Ceropegia woodii

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Ceropegia woodii
Ceropegia linearis subsp woodii.jpg
Ceropegia woodii
Ceropegia woodii00.jpg
Curtis's Botanical Magazine
Scientific classification edit
Kingdom: Plantae
Clade: Tracheophytes
Clade: Angiosperms
Clade: Eudicots
Clade: Asterids
Order: Gentianales
Family: Apocynaceae
Genus: Ceropegia
Species:
C. woodii
Binomial name
Ceropegia woodii
Synonyms[1]
  • Ceropegia barbertonensis N.E.Br.
  • Ceropegia collaricorona Werderm.
  • Ceropegia euryacme Schltr.
  • Ceropegia hastata N.E.Br.
  • Ceropegia leptocarpa Schltr.
  • Ceropegia schoenlandii N.E.Br.

Ceropegia woodii is a flowering plant in the genus Ceropegia (Apocynaceae), native to South Africa, Swaziland, and Zimbabwe. It is sometimes treated as a subspecies of the related Ceropegia linearis, as C. linearis subsp. woodii.[1] Common names include chain of hearts, collar of hearts, string of hearts, rosary vine, hearts-on-a-string, and sweetheart vine. Ceropegia Woodii Variegata 'Variegated Chain of Hearts' is the rare variegated version of Chain of Hearts. It has cute little heart-shaped pink, the cream leaves with splashes of lime green and grey. It is the perfect easy-care plant for a hanging basket. Her colours will change with the seasons and the intensity of light and her leaves will grow on long vines that can reach a couple of meters in length.

History[edit]

In 1881, the species was discovered hanging from rocks on Groenberg Mountain in Natal at an altitude of 1800 feet by John Medley Wood, curator of the Durban Botanic Gardens. Thirteen years later, in 1894, he sent a living plant to Kew. The plant that had been sent to Kew subsequently flowered, providing the material for Plate 7704 of Curtis's Botanical Magazine published in 1900. The prolific botanical artist Matilda Smith prepared the plate, while the Kew taxonomist, N. E. Brown, produced a detailed description, naming the plant after its discoverer.[2][3] Its trailing habit, neat appearance, and tolerance of neglect, made it an ideal plant for hanging baskets.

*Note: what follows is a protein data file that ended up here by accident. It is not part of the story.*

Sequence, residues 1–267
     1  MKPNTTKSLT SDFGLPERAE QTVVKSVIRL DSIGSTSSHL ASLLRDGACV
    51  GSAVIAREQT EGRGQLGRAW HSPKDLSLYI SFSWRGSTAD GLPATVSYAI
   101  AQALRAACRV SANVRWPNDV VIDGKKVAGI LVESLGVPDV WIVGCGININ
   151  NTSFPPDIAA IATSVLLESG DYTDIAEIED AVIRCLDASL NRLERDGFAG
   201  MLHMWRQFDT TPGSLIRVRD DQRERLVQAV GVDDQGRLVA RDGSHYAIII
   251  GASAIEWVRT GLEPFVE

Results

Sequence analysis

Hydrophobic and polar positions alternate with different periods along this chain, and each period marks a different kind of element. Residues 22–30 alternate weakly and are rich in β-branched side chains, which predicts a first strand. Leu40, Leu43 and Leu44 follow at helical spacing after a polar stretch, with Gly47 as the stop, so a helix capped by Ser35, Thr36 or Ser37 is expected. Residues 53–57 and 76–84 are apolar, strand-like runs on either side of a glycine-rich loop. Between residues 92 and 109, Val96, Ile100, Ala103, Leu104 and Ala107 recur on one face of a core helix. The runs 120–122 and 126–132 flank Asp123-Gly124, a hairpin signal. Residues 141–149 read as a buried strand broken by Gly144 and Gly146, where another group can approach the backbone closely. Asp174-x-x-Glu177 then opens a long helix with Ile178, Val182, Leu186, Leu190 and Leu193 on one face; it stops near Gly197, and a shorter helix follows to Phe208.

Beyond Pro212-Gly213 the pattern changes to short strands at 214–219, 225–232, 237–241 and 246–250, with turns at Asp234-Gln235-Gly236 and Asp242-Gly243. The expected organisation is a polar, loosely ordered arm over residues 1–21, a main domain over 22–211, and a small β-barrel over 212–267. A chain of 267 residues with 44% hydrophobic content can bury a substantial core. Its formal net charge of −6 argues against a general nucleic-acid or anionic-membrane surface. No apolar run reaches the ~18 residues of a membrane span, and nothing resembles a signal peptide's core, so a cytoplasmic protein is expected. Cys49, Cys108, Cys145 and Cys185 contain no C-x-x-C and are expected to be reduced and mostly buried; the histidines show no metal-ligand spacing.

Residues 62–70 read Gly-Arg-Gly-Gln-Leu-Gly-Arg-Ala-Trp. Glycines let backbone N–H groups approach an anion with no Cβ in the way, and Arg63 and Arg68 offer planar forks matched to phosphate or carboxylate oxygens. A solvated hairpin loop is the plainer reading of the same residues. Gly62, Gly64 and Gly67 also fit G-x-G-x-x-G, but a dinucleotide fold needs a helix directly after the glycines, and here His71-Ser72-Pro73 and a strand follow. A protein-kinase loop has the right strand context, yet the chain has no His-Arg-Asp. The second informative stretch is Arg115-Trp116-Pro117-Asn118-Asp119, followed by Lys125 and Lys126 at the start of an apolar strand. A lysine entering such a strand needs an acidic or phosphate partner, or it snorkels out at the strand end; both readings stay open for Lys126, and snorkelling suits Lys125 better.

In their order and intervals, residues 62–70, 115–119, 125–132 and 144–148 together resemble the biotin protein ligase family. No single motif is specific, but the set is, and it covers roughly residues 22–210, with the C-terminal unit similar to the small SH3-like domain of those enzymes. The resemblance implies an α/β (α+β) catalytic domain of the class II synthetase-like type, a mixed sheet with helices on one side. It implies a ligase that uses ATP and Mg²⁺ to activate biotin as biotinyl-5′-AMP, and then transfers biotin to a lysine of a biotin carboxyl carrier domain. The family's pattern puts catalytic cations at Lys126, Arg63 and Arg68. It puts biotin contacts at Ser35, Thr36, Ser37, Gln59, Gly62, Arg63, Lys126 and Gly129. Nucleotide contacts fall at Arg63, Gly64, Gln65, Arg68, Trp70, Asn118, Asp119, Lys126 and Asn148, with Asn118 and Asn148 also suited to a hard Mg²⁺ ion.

Description[edit]

It is an evergreen succulent trailing vine that grows to 10 centimetres (3.9 in) in height and spreads to reach up to 2–4 metres (6 ft 7 in–13 ft 1 in) in length. Its leaves are shaped like hearts, about 1–2 cm wide and long. When exposed to sufficient light they have a deep green colour; under insufficient lighting the leaves are pale green. With age it develops a woody caudex at its base. The roots, and occasionally the stems, will often develop tubers. On the stems these tubers form at nodes and are likely the reason for the common name of rosary vine.

In general, the flower form is similar to those of other Ceropegia species. The corolla grows to 3 cm in length and is a mixed colouring of off-white and pale magenta. The five petals are a deeper purple.

Cultivation and uses[edit]

Ceropegia woodii is tender and in temperate regions it is a very popular houseplant, often grown in hanging baskets so the long trailing branches may hang down with their leaves spaced out like a row of large beads. Several cultivars have been selected, some with variegated leaves. It requires excellent drainage, should be watered only when dry, and should never stand in water. Excess water should be removed from plant saucer after watering. It can be grown outdoors only in subtropical and tropical areas having a minimum temperature of 15°C (59°F). Partial shading is useful when the plant is grown outdoors.

This plant has gained the Royal Horticultural Society's Award of Garden Merit[4] (confirmed 2017).[5]

References[edit]

  • "Ceropegia woodii". Germplasm Resources Information Network (GRIN). Agricultural Research Service (ARS), United States Department of Agriculture (USDA).
  • Ceropegia Woodii. Rosary-Vine, Heart-Vine
  1. ^ a b "The Plant List: A Working List of All Plant Species". Retrieved July 7, 2014.
  2. ^ Curtis's Botanical Magazine vol. 126
  3. ^ Herbert F. J. Huber: Revision of the genus Ceropegia. In: Memórias da Sociedade Broteriana, Volume 12, 1957, S.1-203, Coimbra
  4. ^ "Ceropegia linearis subsp. woodii". Royal Horticultural Society. Retrieved 22 July 2013.
  5. ^ "AGM Plants - Ornamental" (PDF). Royal Horticultural Society. July 2017. p. 16. Retrieved 24 January 2018.

External links[edit]

Groenberg Mountain noted at Louis Fourie, owner of 'Slangrivier' wine farm in 1699 (under Paarl / Drakenstein / Franschoek / Wellington listings)